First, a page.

November 29th, 2017
There is apparently no universal standard for how jails operate, at least with regards to how they manage visits to inmates. Over the years, Karin and I have visited a family member in three different jails, and each facility has had its own peculiar way of doing things. Each jail has had its own quirky system.
This is not to say that there are no similarities between the various lock ups. They all suck. That is consistent. Visiting a prisoner is always a hassle. Even when the guards are relatively friendly, the environment is intimidating. The buildings are universally cold and austere; usually lots of concrete, locked doors, and tinted glass. The seats are apparently designed to be uncomfortable. A jail is by its very nature ugly and forbidding. A reasonable argument can be made that jails are unpleasant so as to deter people from committing crimes that put them in there. However, I am convinced that nobody wants to be there; not the prisoners, not the guards, not the visitors.
Karin and I first visited our loved one when she was in the Milwaukee County House of Correction. At that facility a friend or family member has to register for a visit 24 hours in advance. The visit can last up to 30 minutes. A visitor can come to the jail on any day of the week, except Tuesday. Visits at the Milwaukee County House of Correction are all done by video. The visitors never actually get to see the inmate. They view the inmate on a screen. That is about as impersonal as a visit could possibly be. I found it interesting that I was required to go through a metal detector at the House of Correction prior to entering a locked room in order to watch the inmate on a fucking TV. That must have been a Sheriff Clarke idea. The only advantage of video interactions for a family member is that a visitor can speak and view to the inmate online (for a price) from home.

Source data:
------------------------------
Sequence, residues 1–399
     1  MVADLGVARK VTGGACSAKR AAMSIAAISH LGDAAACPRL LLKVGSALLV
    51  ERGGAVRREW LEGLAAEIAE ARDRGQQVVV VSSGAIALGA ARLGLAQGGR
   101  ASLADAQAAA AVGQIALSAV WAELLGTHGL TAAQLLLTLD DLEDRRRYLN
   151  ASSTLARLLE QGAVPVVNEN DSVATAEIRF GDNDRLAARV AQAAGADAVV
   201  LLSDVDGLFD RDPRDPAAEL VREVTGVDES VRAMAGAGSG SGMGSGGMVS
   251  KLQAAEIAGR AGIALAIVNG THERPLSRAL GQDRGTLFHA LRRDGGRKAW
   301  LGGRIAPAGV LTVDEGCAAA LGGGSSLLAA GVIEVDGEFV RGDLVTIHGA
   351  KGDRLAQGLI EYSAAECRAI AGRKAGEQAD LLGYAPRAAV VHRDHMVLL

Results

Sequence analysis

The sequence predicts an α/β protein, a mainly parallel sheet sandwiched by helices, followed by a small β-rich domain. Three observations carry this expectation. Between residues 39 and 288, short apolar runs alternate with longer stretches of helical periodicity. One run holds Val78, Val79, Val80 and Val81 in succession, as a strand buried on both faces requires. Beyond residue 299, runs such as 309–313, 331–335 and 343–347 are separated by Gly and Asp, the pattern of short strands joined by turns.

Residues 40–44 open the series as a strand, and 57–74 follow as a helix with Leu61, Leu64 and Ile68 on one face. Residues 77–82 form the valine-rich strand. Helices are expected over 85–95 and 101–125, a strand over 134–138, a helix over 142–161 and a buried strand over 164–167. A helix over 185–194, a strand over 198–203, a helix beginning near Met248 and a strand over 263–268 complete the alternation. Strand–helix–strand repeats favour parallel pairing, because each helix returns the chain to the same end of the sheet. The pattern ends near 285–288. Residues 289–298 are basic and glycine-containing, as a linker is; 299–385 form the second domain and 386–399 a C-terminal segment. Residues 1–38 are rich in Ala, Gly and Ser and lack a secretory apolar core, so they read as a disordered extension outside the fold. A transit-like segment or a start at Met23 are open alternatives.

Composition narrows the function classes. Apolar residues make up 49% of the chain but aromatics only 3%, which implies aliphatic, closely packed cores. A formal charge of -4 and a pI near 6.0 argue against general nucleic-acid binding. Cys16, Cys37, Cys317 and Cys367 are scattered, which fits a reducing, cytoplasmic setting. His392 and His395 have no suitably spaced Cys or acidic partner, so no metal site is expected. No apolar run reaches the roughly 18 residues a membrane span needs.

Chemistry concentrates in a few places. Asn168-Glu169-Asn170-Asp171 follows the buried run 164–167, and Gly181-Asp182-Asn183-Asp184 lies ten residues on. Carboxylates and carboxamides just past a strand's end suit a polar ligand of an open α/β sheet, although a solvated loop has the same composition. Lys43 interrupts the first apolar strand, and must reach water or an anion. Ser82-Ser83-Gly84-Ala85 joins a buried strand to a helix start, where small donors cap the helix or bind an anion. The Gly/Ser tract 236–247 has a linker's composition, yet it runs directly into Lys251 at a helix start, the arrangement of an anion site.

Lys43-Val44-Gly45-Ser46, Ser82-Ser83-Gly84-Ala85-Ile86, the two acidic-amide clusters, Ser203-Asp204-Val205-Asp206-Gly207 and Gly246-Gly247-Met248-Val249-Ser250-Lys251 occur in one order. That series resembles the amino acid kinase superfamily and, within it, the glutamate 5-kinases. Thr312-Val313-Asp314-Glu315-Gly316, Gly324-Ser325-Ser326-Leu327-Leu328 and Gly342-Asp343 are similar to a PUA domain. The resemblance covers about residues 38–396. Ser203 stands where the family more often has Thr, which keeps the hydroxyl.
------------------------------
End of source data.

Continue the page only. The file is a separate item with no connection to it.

The Walworth County Jail was a bit more humane. There you had to register for a visit 48 hour in advance, but a person could visit on most days, and stay for half an hour. The visits were face to face. True, the conversations were conducted by telephone, but the visitor could physically see the inmate. That makes a difference. You could almost touch the other person. Apparently, in the last year, Walworth County has also gone the video route. More technology, less humanity.
The Kenosha County Jail is kind of chaotic. You don’t make an appointment for a visit. For us, it’s first come, first serve on a Sunday afternoon from 1:00 to 3:00. It’s a free for all. A person comes up to the service window, fills out a form, shows an ID, and waits…and waits…and waits. The visits are only ten minutes long, so the turnover is quick. Ten minutes isn’t very long, but sometimes it feels like an eternity if I can’t think of anything to talk about. I find that I remember all the things that I wanted to say just as soon as I put the phone down and leave the little booth. In Kenosha an inmate gets to see each visitor only once a week, so you have to make those ten minutes count.
When I was in the Las Vegas jail back in April, the thing that bothered me the most was the fact that I couldn’t let my wife know what was happening to me. I wasn’t in the jail long enough to need a visit, but I could already feel the isolation and the powerlessness. There was a sense of being totally disconnected from the outside world. A visit makes a huge difference to a prisoner. For some reason, jails often do their best make visits difficult and/or impersonal. That is the opposite of what they should be doing. Inmates need to know that somebody gives a damn. A visit is the best way to do that.